Uan-suy is an annual, branched, smooth herb,
growing up to 30 centimeters in height. Leaves are pinnately or ternately
decompound; the ultimate segment of the lower leaves is ovate or lanceolate and deeply cut;
the upper leaves are more finely dissected into narrow linear segments.
Flowers are white, formed in umbels. Fruit is somewhat rounded and ribbeed.
Seeds are convex-concave, about thrice as broad as they are thick.
- Cultivated in the lowlands,
popular among Chinese gardeners.
- Grows best in the Baguio area.
- Apparently indigenous in the Mediterranean region and the Caucasus.
- Fresh plant contains volatile
- Coriander oil contain: coriandrol, d-ilinalool, licareol,
d-d-pinene, p-cymol, trepinene, dipentene, geraniol, l-borneol, B-phellandrene, terpinolene, n-decylaldehyde, acetic acid, decyl acid.
The fruit has a volatile oil, 0.25%; pentosan, 10.6%; furfurol, 6%; pectin, 1.1 to 1.7%; vitamin C; fat 19%; protein
11%, starch 10.5%, and potassium maleate 1.8%, fat 0.3%, and vitamin C3.
- Considered aromatic, antihalitosis,
carminative, corrective, narcotic, stimulant; stomachic.
- Taste, odor, and medicinal qualities depend on the volatile oil.
Oil, seeds, leaves, fruit.
- Seeds and leaves are edible.
- Used as seasoning.
- A component of curry powder.
- Seeds used in confectionary and flavoring of gin and other spirits.
- Leaves are eaten raw with native dishes: kilauin, lumpia, pansit, paksiw
- Infusion of the fruit is used for dyspepsia.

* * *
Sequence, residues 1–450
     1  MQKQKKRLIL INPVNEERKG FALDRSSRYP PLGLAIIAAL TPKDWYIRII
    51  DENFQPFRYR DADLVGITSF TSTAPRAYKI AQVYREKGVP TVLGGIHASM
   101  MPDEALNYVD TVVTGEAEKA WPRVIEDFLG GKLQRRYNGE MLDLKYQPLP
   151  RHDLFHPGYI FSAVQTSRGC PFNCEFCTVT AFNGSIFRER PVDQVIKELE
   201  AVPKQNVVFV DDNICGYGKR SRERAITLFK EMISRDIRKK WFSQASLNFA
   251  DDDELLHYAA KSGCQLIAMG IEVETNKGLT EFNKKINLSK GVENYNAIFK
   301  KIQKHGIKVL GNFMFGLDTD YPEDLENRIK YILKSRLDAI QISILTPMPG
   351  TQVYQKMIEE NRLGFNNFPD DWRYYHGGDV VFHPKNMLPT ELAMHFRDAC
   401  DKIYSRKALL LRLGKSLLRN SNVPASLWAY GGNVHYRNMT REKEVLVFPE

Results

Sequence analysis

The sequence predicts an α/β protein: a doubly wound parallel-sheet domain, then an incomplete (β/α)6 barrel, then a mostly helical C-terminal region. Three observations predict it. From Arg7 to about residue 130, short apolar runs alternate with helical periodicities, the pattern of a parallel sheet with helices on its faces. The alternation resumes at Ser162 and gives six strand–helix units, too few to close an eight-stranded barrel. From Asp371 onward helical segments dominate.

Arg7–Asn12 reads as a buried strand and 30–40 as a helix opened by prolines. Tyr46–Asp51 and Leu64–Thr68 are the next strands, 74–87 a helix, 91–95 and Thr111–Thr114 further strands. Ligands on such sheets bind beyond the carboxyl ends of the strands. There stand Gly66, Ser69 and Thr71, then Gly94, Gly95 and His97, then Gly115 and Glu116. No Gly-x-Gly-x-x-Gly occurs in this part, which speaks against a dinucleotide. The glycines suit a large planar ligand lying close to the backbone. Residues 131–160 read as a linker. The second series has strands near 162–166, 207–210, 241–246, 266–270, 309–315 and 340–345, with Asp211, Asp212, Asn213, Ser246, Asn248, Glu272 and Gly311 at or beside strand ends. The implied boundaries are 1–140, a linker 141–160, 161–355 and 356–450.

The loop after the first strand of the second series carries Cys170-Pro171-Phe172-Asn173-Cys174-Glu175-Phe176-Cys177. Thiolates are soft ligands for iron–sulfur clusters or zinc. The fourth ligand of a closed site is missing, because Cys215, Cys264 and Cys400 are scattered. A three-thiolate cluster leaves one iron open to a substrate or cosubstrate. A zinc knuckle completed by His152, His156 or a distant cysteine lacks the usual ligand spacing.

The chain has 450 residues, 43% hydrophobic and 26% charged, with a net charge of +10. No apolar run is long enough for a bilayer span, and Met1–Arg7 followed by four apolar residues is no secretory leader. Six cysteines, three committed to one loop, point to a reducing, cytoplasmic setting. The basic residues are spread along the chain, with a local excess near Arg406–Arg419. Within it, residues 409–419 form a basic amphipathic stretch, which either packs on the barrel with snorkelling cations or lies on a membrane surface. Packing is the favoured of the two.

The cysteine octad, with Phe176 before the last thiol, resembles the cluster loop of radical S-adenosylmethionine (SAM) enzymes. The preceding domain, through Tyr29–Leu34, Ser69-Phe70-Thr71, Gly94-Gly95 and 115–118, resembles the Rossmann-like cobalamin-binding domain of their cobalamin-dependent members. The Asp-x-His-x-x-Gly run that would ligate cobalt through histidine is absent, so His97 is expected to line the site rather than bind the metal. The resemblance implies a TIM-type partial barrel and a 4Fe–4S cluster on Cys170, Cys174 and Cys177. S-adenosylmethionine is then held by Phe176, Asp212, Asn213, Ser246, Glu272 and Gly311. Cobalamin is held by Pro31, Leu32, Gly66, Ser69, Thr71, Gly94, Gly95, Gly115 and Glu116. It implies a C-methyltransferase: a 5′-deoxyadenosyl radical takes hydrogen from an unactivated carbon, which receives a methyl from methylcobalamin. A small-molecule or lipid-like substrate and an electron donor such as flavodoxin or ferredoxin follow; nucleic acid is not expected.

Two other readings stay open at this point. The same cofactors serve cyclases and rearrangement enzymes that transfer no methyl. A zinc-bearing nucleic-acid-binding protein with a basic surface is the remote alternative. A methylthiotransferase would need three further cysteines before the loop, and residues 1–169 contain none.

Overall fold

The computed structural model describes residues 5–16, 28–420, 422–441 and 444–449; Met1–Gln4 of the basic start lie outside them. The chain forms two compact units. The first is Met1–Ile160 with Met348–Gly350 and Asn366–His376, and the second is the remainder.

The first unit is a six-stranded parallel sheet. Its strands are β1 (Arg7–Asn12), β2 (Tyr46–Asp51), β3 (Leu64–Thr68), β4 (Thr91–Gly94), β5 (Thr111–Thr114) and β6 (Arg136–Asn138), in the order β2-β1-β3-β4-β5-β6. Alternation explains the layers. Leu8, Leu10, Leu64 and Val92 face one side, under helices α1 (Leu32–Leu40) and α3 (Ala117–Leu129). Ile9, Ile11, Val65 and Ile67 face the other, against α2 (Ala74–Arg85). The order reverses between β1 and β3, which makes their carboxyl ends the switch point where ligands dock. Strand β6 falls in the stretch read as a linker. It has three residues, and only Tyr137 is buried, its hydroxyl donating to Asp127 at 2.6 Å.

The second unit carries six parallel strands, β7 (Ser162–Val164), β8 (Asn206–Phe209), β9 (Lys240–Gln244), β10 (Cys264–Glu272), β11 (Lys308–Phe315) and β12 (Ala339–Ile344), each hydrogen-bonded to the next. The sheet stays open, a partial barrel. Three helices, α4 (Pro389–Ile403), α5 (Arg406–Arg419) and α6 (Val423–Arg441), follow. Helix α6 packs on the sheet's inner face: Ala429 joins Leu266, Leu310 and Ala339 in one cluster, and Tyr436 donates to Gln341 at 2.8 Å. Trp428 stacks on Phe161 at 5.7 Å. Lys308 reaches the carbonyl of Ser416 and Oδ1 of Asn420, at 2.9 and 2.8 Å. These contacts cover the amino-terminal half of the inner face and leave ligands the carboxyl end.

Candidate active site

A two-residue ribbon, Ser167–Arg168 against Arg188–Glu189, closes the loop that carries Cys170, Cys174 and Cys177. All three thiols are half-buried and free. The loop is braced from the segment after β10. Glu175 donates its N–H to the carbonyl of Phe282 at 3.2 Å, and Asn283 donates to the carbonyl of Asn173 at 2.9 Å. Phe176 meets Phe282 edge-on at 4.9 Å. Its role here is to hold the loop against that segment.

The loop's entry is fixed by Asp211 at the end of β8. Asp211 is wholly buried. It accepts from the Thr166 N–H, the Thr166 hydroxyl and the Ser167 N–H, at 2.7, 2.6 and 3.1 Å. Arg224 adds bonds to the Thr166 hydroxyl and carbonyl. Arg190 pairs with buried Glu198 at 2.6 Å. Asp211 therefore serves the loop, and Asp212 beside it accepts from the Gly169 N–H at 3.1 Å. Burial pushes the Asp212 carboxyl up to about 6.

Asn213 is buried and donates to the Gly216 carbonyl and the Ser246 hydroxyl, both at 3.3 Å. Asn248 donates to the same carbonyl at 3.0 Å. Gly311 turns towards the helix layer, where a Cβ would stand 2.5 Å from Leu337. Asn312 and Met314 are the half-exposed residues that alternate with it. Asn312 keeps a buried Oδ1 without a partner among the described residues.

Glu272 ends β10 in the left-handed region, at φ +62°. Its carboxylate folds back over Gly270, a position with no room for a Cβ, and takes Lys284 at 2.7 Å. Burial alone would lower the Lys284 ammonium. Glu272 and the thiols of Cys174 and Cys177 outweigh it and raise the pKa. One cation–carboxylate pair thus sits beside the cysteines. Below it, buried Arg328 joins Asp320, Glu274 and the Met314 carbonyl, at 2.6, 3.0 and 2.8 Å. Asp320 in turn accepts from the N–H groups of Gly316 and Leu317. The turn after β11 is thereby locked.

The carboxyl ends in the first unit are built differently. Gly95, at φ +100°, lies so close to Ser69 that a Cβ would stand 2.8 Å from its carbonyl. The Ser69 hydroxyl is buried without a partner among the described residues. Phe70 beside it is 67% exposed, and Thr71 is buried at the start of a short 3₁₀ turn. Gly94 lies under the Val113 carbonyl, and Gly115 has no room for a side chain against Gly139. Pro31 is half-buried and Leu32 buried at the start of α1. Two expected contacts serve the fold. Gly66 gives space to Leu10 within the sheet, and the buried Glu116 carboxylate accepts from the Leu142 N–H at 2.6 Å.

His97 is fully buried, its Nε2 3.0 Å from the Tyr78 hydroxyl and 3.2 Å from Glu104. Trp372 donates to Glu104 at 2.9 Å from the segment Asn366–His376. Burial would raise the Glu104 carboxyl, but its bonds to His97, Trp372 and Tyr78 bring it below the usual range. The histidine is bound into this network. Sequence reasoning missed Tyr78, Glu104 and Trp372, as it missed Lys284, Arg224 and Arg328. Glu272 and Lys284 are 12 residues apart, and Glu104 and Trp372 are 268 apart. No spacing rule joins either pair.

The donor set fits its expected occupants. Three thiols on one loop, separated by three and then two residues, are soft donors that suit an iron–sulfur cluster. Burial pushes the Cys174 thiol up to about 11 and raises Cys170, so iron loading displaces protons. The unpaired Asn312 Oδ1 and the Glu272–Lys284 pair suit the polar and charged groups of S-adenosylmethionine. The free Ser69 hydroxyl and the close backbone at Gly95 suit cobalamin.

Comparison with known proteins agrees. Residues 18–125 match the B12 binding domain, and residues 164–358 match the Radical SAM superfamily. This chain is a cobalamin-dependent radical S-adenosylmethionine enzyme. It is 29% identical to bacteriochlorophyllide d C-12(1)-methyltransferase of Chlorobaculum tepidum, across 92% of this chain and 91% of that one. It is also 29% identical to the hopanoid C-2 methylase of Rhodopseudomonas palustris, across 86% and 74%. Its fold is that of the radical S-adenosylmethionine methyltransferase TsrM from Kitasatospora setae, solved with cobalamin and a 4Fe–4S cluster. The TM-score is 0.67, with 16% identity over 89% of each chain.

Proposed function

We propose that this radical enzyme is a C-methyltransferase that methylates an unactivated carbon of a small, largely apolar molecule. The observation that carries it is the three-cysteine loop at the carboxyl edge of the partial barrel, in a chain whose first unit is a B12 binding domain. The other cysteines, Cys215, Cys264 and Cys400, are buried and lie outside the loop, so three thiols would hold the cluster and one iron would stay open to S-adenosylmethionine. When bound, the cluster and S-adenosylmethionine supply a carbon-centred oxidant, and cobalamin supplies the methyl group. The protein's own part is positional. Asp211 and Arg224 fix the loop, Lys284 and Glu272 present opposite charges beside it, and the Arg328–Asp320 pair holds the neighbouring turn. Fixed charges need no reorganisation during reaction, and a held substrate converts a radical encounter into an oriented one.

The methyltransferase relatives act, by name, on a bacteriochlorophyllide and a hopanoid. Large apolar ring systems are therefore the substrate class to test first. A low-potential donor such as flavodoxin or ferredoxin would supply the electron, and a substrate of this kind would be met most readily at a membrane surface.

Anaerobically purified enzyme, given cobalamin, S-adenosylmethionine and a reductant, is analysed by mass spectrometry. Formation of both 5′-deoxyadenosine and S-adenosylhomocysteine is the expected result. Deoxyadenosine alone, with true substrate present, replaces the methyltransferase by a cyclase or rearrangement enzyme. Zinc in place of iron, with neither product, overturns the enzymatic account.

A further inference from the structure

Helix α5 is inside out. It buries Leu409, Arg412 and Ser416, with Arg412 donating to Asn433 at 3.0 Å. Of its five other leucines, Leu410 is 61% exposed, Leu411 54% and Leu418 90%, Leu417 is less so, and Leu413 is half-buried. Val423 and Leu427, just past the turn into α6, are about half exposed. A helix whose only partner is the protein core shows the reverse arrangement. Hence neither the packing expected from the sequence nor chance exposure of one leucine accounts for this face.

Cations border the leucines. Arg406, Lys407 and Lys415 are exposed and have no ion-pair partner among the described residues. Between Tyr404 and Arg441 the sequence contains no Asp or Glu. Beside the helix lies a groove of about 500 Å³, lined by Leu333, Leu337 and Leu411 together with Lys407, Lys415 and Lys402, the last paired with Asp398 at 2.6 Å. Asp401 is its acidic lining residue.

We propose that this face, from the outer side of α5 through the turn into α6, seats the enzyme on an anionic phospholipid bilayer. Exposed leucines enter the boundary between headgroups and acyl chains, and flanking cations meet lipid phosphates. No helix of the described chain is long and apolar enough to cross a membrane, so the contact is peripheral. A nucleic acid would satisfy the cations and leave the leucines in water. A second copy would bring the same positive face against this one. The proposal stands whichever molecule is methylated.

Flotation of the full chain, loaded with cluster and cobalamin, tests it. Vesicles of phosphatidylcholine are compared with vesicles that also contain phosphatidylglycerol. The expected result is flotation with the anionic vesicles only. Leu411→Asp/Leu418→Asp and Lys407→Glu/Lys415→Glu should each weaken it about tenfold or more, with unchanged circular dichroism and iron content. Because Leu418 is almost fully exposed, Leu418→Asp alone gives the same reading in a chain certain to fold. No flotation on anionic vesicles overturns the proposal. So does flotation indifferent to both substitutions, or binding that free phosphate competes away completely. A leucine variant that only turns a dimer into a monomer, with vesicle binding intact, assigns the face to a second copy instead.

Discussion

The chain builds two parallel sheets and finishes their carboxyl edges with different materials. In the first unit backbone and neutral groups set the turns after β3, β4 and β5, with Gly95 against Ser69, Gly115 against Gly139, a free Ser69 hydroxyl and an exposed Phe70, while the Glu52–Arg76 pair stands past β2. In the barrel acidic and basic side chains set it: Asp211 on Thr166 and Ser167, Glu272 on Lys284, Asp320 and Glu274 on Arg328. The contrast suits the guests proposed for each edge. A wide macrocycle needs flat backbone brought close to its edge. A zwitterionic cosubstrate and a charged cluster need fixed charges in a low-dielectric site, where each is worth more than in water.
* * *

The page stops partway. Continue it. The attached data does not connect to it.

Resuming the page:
- Pounded seeds inhaled for its odor to counter dizziness.
- Oil useful for flatulence, colic, rheumatism, neuralgia.
- Plant used for ptomaine poisoning.
- Seeds chewed for halitosis.
- Paste of seeds applied for headaches.
- Seeds used in lotions or bruised for poultice in rhuematic pains.
- Juice of fresh plant applied for erythema.
- Decoction of plant in milk (with sugar added to taste) used for bleeding
Cold infusiion of seeds or powder made of dried seeds with a little sugar useful for colic in children. Also relieves internal heat and thirst.
- In Iranian folk medicine,
recommended for anxiety and insomnia.
- Perfumery: Used as fragrance component for soaps and cosmetics and flavoring in
- Repellent: Fungicidal and bactericidal. Growing plant repels aphids. A boiled mixture of one part coriander leaves and one part anise seeds
is effective against red spider mites and aphids.
• Anticonvulsant: Results of study in mice suggest
extracts of CS seeds may have a beneficial anticonvulsant effect in petit mal and grand